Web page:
Scene 49 – Mercennarium



“That was probably a bad idea,” Alex noted as we got back into the van.

I waved at Obould’s boys loading the gargant into a truck. “It’s not so bad. It was fun, and no one died.”

George chuckled. “Boss, weren’t you the one saying we shouldn’t get involved with the Paladins more than we have to?”

I took off my daygoggles. The ambient light in the van was a bit softer than daylight, about the level of a lightbulb, which meant I could see fine, but it gave me a fierce headache. I could bear it for a little bit—I was tired of everything being dark.

“Maybe you guys are right. But we’re having a bad day, and I figured everyone could use a little R&R before another week or so of stakeout.”

Jarasax grimaced as he slid into the driver’s seat and started the engine. “That’s an understatement if I ever heard one. But I’m not sure this was the time or the place.”

“We did get to have a little fun,” George noted, as he scratched at his bandages. We’d need to get him better healing soon. “C’mon, Sax, you have to admit watching Adam kill that gargant was worth it.”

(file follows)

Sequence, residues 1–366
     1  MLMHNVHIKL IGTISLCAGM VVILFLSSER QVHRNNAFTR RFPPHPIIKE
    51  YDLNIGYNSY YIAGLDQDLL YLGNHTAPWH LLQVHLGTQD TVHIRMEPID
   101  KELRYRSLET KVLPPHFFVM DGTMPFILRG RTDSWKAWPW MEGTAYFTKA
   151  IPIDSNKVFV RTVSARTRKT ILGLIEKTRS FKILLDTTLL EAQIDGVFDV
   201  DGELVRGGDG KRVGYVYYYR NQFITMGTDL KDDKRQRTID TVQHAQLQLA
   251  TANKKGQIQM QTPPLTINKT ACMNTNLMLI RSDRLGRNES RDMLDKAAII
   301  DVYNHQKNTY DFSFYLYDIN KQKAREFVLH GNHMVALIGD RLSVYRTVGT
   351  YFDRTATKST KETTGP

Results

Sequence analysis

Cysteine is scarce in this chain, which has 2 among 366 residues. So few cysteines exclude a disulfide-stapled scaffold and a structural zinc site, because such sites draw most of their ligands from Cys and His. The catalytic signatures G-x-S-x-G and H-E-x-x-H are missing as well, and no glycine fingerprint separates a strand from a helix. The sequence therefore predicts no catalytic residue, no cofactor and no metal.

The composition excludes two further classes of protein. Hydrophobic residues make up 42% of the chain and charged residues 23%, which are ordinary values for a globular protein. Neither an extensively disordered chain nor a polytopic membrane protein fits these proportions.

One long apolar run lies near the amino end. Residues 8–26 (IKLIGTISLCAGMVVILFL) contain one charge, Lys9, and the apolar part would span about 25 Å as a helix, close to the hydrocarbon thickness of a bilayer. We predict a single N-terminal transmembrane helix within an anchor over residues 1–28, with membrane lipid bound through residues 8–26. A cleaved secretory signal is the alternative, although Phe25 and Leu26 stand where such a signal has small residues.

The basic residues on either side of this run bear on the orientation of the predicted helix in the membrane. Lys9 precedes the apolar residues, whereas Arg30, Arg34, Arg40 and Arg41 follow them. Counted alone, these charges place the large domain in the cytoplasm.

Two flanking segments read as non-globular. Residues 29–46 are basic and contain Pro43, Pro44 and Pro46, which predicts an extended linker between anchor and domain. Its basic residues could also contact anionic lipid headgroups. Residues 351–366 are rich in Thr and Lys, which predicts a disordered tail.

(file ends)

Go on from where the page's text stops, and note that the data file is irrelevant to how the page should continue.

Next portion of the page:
The changeling grunted. “Hardly. We both almost got killed. Hell, I didn’t even see the actual kill. Wouldn’t you have preferred to stay home over a few broken ribs?”

I rubbed my eyes. The headache wasn’t too bad yet, but the incessant sniping was getting tiresome. “Fine, Sax, next time we’ll leave you with the van. Happy now?”

He frowned. “Kelly, come on. I’m just looking out for the team.”

“Oh both of you stop,” Alex admonished as he polished his dayknives. “You’re both so overprotective it’s embarrassing. Though I suppose I should be grateful Mom let us have some fun today.”

I glared at the angel dangerously, but he just grinned back. “Don’t start that again, Alex.”

“I’m serious,” he said, warming to the subject. “Ling’s been chattering about this whenever she gets the chance.”

“Why to you of all people?” Sax asked. I had to admit I found it a bit curious too. Most people were a little leery around angels, and I hadn’t thought she was an exception. “Weren’t you just complaining we aren’t friendly enough with them?”